No superyacht is complete without its array of special features. Here are some of them…
These can protect the privacy (and safety) of those on board by blocking signals from unauthorised drones which approach the vessels. Some have net canons to bring the devices down.
Martek Anti-Drone have developed the M.A.D.S (marine anti-drone system), which has the capacity to detect all devices within a 5km radius, providing owners with an accurate GPS positioning of the drone, and pilot. It also then offers the option to ‘defeat’ the drone if it is perceived as a threat.
Taking their name from Jules Verne’s Captain Nemo – or possibly the Disney fish – these are observatories below the vessel’s waterline that offer underwater views. Savannah, owned by Swedish-Canadian billionaire businessman Lukas Henrik, and Elandess, owned by Lloyd Dorfman, both possess semi-submerged lounges. However, Sailing Yacht A, owned by Russian billionaire Andrey Melnichenko and designed by Philippe Starck, goes further. It has a completely submerged lounge that allows those on board to see through to the bottom as well as views to both sides.
Missile defence systems
Melnichenko’s Sailing Yacht A has a missile defence system and bomb-proof glass, as well as 40 CCTV cameras that cover all of the shared guest spaces and private suites. Eclipse, the world’s second-largest superyacht owned by Russian businessman and owner of Chelsea Roman Abramovich, is also fitted with a missile defence system.
Swarovski crystal interiors
Cadet V, the fifth Ilumen superyacht from Austrian-owned, Italy-based shipyard Dominator, has a Swarovski crystal masterpiece from artist Stefano Curto, consisting of blue, white and silver crystals. It sits on the forward-facing wall of the main salon for diners to admire.
Some superyachts are built to also take on ocean research, with fully equipped dive centres on board. The 70 metre Samaya, owned by CEO of Patek Phillipe Christine Shrestha Stern, was created ready to explore some of the world’s most remote regions. The centre is fitted with a nitrox-enriched air system, finished with a high-quality teal floor and metallic and wooden ceiling.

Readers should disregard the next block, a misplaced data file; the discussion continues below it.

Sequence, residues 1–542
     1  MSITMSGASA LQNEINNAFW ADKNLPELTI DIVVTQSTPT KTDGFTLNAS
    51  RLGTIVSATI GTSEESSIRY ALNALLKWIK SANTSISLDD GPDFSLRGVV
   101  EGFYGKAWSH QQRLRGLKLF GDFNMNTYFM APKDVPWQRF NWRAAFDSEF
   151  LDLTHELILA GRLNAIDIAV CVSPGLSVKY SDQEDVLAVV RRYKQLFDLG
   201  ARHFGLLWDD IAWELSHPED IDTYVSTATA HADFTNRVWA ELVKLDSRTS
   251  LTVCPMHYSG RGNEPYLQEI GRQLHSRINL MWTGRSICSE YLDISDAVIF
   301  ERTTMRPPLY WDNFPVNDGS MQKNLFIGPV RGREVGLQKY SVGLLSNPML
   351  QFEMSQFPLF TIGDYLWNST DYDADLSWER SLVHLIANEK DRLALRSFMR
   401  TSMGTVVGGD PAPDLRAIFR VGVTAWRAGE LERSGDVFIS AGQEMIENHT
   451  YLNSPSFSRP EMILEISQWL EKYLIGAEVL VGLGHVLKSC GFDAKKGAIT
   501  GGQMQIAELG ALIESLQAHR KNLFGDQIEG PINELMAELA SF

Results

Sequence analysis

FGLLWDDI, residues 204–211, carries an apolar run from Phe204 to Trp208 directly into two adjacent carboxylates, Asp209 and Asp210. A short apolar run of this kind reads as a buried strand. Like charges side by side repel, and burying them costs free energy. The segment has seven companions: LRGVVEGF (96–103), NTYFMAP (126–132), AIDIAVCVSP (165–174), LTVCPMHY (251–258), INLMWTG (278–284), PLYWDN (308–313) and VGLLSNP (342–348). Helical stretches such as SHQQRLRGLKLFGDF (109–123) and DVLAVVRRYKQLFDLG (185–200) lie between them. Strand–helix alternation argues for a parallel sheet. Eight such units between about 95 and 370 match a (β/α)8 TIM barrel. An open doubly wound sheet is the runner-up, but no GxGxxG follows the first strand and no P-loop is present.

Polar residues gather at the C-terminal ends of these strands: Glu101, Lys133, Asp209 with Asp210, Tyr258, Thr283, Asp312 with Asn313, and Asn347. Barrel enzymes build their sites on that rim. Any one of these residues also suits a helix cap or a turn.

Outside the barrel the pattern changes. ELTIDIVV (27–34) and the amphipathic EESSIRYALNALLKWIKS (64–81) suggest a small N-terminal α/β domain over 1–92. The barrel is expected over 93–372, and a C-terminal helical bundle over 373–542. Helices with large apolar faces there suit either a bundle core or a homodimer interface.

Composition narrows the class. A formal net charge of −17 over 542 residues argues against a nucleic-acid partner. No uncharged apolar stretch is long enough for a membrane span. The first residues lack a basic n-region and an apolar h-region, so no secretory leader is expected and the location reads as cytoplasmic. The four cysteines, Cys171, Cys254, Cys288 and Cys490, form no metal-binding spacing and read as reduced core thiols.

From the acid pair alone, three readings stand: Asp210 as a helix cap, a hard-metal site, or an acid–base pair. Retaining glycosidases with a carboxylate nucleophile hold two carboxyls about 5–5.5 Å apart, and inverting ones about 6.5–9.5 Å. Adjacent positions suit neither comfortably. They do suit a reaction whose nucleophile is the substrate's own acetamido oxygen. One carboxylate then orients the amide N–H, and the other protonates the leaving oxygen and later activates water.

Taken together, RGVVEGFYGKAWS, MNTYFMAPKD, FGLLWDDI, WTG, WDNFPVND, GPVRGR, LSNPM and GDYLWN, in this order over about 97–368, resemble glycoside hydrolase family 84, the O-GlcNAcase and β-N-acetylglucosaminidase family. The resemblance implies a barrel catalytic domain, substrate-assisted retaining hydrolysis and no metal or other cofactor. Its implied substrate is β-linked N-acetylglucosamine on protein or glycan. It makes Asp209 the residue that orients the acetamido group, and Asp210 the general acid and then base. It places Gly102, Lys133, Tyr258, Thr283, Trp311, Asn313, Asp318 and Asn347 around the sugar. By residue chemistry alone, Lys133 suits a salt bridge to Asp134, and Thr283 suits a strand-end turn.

Indoor tennis court
The tennis court aboard the 98.4 metre AVIVA, owned by British billionaire and Tavistock group owner Joe Lewis, is considered a real feat of modern engineering. Two tons of sand were needed to produce the bounce a regular court would produce and soundproofing was also required to ensure guests could still enjoy the yacht without being disturbed by play.
The 155 metre Al Said, owned by Sultan of Oman Haitham bin Tarik, has a concert hall onboard capable of seating a 50-piece orchestra. She was launched in 2007 and, at the time, was the second-largest in the world. Today, she is still considered one of the world’s most luxurious, despite there being no known pictures of the interior.
Some superyachts boast innovative designs, including sails that double up as cinema screens. The 88 metre Maltese Falcon, owned by the hedge fund manager Elena Ambrosiadou, boasts the largest outdoor cinema on the water with the lowest sail on the mizzen mast functioning as the screen.
Typically, swimming pools and Jacuzzis are the crowning features of the superyacht’s exterior. Dilbar, owned by Russian oligarch Alisher Usmanov, has a 25 metre swimming pool on board, the largest superyacht swimming pool currently in existence. The pool is around 6 metres across and 2 metres deep, decreasing to 1 metre at the shallow end – therefore needing 21 oil trucks filled with water to fill it. To allow the yacht to operate with stability, the pool has to be emptied every time it begins cruising, meaning this filling process is repeated by watermakers onboard each time the anchor is dropped.
These yachts take a skilled and organised crew for them to run efficiently, and serve the guests’ every need. From personal yoga trainers, beauticians and PADI certified diving instructors the crew’s abilities are vast. Dilbar, for example, has a crew of 100 staff to allow her to run. In order to feed them, Dilbar chefs prepare approximately 73,000 kg of crew meals each year.